The Papers of General Nathanael Greene

From Colonel Henry Lee, Jr.,

Lee informed NG of his "situation & expectations" when he received Col. [Otho] Williams's orders "to join the army."[1] Has hurried "to this place," but must wait a day for "two troops of Cavalry" to join him. He regrets being called back because "the posture of affairs" south of the Santee River and in Georgia was "so pleasing." He continues:
The minds of the people are wavering. Their general inclination favors us, but they cannot, they will not declare, when they understand our effort is confined to the exertions of their own militia. They will expect regular troops from us; being disappointed in this, & being obliged by our conduct to take a part decisively, I fear, instead of a general insurrection in our favor, we shall strengthen the enemy. My conclusion therefore is, that unless we can spare a force adequate to the great prospects of the day, it would have been better to have deferred operations.
NG knows best "whether an adequate force can be spared," but Lee presumes that "Gen Morgan's victory was so complete" that Lord Cornwallis, unless North Carolinians "are generally in the interest of the enemy," will be unable to join forces "with his No Carolina detachment."[2] Even then, the recovery of South Carolina and Georgia "would blast every advantage" that Cornwallis's "most sanguine success could produce." Suggests that NG send him "A party of horse & foot" numbering 300 men. Lee would use it to capture "all" the enemy's "outposts" and thus confine the British to Charleston, Georgetown, Ninety Six, and Camden, S.C., and Savannah and Augusta, Ga. This small force would "increase daily" to "many thousand"; it could "dispossess the enemy of some of the above posts" in "a few months." Without a force such as this, "Militia never can force regular troops from intrenched posts." Suggests various posts that might be attacked first. Adds that there are 2,000 Continental troops "in prison ships" in Charleston harbor and that the "Cooper & Ashley rivers communicate directly with them. What may not a true spirit of enterprize effect? One hundd chosen infantry with my Legion would perhaps be a sufficient number."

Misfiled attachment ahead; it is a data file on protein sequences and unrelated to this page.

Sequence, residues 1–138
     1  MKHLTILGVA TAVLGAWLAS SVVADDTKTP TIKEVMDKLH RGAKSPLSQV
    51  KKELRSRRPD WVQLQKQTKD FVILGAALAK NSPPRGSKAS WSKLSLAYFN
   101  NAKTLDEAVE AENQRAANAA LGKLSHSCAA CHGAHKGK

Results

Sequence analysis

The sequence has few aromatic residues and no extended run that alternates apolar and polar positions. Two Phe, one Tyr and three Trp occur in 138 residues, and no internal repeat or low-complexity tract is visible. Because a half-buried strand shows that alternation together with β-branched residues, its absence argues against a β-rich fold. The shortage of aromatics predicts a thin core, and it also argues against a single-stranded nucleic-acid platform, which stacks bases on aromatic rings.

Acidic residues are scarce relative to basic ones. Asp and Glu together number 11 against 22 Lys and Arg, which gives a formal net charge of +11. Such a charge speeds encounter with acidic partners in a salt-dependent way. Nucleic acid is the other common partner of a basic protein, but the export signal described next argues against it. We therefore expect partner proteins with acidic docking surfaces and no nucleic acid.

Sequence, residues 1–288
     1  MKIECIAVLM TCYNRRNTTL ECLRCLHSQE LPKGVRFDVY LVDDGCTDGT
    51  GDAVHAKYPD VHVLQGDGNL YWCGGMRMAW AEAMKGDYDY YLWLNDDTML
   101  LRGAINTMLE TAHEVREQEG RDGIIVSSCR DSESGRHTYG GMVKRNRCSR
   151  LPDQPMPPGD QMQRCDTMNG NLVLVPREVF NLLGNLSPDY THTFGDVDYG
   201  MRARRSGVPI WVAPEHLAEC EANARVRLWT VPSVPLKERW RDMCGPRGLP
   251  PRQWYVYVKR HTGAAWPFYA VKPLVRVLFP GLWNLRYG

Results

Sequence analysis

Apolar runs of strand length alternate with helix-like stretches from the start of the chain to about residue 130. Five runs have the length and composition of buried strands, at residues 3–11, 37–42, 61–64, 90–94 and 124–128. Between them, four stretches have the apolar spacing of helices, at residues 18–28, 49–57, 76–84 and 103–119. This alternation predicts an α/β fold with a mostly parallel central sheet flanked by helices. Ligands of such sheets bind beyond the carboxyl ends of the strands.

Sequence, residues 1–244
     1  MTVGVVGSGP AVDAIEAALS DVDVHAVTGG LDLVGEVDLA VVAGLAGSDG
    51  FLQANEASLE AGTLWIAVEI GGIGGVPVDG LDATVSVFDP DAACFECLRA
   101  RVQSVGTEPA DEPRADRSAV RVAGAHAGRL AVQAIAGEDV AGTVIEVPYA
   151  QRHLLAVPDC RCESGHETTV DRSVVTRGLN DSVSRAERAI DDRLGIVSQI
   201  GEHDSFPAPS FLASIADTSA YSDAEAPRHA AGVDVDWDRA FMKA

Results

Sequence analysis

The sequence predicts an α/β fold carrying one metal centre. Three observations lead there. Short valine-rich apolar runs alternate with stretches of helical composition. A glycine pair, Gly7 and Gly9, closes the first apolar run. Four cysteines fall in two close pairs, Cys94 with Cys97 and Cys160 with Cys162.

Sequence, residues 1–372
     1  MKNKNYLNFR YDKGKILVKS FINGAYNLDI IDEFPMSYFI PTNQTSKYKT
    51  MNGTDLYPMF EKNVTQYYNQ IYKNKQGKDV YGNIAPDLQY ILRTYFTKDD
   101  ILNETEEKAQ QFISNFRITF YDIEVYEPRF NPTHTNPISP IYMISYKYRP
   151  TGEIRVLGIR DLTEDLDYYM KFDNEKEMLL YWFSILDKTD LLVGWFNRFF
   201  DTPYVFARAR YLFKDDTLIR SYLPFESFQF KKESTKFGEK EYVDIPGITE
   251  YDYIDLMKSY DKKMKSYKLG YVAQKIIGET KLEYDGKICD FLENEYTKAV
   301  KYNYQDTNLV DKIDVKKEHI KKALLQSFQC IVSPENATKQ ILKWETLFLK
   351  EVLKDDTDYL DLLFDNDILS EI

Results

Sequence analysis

If NG agrees, he should send Lee the detachment and "full instructions." He should "place one nine pounder" in a secret place for Lee's use and write him frequently "in cyphers." For his part, Lee will devote himself "to rendering" the "most essential services." Thinks NG cannot "do any thing decisive" in North Carolina and that Cornwallis cannot succeed there, either. Asks NG to "Pardon the freedom of this address, it results from zeal for the good of America & for the prosperity" of NG's army. If NG still wants Lee to rejoin the army, he should notify Lee by express.[3] Also asks NG to give the bearer, one of Lee's sergeants, permission to claim some prisoners. "I flatter myself he will bring to me some of my deserters."
Autograph Letter Signed (NjGbS) 6 pp.
    [1.] Williams's orders have not been found. Lee had explained his "situation & expectations" in his letter of 30 January (PGNG, 7: 222). Lee's Legion was being recalled from detached duty with Gen. Francis Marion in South Carolina.
    [2.] On Gen. Daniel Morgan's victory at Cowpens, see Morgan to NG, 19 January (PGNG, 7: 152-161). The detachment to which Lee referred was the British party that had recently captured Wilmington. As noted at Drayton to NG, 2 February (PGNG, 7: 236-237), the two enemy forces did not combine until early April, when Cornwallis marched to Wilmington.
    [3.] No reply from NG has been found, but Ichabod Burnet's strong reiteration of NG's orders in a letter of 2 February (PGNG, 7: 234-235), undoubtedly convinced Lee that he should march without waiting for an answer.